( "Just bulldoze that water into berms until I can park a battleship hull down here, thanky ..." )

RWC said...

This might be a solution to the problem...so it won't get one step by this administration.

Stranger said...

The concern is not about radioactivity, but that the well casing is ruptured a thousand or two feet below the sea floor.

During the attempt to stop the casing with drilling mud, it appeared that mud was welling up BESIDE the casing. Going down the casing, and coming back up the outside.

So sealing the casing would put 100 Klb square inch MOL on the sealed casing and it would come jetting out of the hole. And then there really would be no stopping the flow of crude.

It would be better to allow the skimmer ships, particularly the "A-Whale," to do their job while the relief wells are drilled.

Stranger

Bubblehead Les. said...

Easy way to find out: Go to the Persian Gulf, find an Iranian oil rig, attach bomb, wait for Earth-Shattering KaBoom, take readings. If it works, try it in the Gulf of Mexico. If it doesn't, find another Iranian oil rig, try a different size bomb....

reflectoscope said...

Les: Awesome.

Jim

Bubblehead Les. said...

Actually, reflectoscope, I got it from the Master, Robert A. Heinlein. From Time Enough for Love and/or The Notebooks of Lazarus Long; "Always listen to experts. They'll tell you what can't be done and why. Then do it". (Earth-Shattering Kaboom courtesy of Warner Bros., Iranian Oil rig courtesy of the Assaholla Khomeni (MAY HE ROT IN HELL) and his scum-sucking, goat-kissing successors).

Dixie said...

Les:

You have successfully blended Heinlein and Warner Bros. You are, indeed, the man.


The hippies had a "Hands Across the Sand" demonstration at my local bikini beach this weekend. Is it just me, or is hippie attention-whoring getting worse?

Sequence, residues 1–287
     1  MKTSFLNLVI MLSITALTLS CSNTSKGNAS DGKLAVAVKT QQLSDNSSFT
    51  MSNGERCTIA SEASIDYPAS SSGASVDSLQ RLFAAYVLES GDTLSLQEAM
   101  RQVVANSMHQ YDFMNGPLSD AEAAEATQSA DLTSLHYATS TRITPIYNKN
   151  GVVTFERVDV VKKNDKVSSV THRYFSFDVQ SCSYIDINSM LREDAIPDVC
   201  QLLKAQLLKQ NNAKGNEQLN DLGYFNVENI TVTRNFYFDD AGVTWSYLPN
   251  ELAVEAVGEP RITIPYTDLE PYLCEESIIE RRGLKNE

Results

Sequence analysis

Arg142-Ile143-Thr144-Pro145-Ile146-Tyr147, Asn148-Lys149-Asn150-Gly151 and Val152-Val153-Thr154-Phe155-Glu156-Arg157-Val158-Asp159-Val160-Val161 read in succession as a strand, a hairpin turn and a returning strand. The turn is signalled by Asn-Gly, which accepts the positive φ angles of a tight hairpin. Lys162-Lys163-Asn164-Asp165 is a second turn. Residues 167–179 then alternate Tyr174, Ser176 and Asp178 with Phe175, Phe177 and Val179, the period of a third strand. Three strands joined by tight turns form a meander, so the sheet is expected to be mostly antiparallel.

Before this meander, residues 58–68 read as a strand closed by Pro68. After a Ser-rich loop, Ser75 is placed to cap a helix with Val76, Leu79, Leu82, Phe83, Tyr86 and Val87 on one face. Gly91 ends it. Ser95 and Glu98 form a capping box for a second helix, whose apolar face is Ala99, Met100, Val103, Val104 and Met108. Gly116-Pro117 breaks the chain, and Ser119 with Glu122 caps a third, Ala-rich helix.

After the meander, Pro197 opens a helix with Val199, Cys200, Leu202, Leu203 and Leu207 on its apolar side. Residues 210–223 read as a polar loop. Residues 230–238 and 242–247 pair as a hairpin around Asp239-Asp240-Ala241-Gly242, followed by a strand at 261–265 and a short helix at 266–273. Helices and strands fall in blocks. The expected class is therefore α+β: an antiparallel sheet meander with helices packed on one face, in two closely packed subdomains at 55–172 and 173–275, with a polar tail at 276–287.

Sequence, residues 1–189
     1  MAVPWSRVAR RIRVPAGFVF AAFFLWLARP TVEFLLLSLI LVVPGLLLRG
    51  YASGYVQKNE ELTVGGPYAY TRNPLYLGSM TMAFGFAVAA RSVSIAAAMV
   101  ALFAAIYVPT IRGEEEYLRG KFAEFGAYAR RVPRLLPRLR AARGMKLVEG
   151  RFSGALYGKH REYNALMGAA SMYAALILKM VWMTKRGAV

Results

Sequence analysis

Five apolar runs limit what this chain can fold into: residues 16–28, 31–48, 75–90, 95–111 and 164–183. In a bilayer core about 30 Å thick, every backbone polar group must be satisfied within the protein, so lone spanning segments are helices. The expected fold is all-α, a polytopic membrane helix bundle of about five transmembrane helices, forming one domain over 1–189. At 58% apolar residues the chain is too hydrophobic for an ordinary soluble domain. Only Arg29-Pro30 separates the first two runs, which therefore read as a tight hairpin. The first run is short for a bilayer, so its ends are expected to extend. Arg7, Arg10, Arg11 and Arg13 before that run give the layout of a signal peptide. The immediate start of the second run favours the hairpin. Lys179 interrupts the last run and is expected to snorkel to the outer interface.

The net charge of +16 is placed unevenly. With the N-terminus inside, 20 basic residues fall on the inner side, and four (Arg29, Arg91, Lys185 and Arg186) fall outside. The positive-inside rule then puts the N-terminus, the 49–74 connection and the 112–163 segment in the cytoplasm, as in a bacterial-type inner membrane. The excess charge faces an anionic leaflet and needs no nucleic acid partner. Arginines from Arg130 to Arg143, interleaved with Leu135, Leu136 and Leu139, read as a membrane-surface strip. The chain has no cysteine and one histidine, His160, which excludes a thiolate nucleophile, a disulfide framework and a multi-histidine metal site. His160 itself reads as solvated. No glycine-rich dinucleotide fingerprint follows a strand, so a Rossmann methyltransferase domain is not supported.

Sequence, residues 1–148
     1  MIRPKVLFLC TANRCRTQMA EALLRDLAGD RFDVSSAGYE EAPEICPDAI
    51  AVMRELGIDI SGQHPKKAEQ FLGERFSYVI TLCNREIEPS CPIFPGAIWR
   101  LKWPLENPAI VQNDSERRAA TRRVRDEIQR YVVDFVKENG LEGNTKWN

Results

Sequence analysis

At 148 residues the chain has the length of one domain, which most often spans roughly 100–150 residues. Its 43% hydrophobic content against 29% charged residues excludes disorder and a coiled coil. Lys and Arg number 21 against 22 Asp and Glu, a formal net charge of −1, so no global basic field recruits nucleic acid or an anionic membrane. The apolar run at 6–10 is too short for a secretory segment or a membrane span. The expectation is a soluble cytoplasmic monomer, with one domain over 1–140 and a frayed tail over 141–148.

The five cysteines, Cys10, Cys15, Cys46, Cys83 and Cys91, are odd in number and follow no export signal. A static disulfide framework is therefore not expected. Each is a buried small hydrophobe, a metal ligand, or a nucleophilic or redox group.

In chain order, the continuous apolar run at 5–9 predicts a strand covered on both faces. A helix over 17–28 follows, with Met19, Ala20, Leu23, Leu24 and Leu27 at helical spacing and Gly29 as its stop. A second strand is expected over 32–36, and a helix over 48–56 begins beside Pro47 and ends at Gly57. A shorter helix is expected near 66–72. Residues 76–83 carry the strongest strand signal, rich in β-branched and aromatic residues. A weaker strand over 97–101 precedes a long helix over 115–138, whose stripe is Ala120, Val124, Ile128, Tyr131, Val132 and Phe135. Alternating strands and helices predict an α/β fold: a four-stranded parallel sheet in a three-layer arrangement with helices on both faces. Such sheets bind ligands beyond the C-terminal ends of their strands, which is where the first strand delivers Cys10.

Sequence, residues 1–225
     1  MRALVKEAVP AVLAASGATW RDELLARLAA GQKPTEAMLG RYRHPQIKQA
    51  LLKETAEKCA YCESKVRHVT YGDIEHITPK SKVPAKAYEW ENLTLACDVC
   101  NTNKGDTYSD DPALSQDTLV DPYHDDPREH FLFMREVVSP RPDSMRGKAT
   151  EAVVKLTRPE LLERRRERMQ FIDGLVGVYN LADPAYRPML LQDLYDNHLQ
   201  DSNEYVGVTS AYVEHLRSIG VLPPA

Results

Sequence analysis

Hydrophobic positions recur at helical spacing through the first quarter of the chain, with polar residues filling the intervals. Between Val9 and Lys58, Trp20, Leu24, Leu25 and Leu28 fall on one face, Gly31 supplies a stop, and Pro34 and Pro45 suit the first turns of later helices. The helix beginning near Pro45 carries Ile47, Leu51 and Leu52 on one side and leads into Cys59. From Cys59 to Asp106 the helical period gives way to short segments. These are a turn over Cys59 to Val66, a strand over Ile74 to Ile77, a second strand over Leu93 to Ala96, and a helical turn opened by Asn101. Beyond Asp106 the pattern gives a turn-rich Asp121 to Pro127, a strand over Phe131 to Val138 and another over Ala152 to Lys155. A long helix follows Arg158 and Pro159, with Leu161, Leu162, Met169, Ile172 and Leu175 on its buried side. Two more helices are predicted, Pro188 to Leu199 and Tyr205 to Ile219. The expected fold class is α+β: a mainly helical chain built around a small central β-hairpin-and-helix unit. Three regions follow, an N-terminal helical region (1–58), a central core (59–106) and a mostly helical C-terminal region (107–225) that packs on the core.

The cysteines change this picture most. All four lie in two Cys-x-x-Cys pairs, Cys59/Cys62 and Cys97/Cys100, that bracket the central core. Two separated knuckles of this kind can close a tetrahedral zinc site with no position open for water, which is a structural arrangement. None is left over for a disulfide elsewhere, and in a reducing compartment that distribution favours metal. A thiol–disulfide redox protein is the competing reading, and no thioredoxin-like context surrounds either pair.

markm said...

The nuke plan I saw called for placing the nuke 1800 feet below the sea floor. That's the same depth as the relief wells, so it doesn't get the leak stopped any faster... That is, unless the relief wells get close but don't work for some reason. Then it might be good to have a small nuke that can be run down the relief well.

If I understand it correctly, the idea is to have a smallish nuke explosion that melts the casing and the rock around it. Then when the rock cools down and freezes, in theory it ought to plug the hole. Or else the oil is under so much pressure it pushes through the half-frozen rock, and then you have leaks through several channels and there's no way to fix it.

By the way, I saw a report by the Coast Guard today. They've been collecting samples of tar washing washing up on the beaches and chemically analyzing it. Only about half matches the Deepwater Horizon oil. Some is the oil that naturally percolates up from underground, but a lot of it is fuel oil - like what ships burn. Apparently ship captains think this leak is an opportunity to really flush out the crud from the bilges and tanks, without having to pay for hazardous waste collection...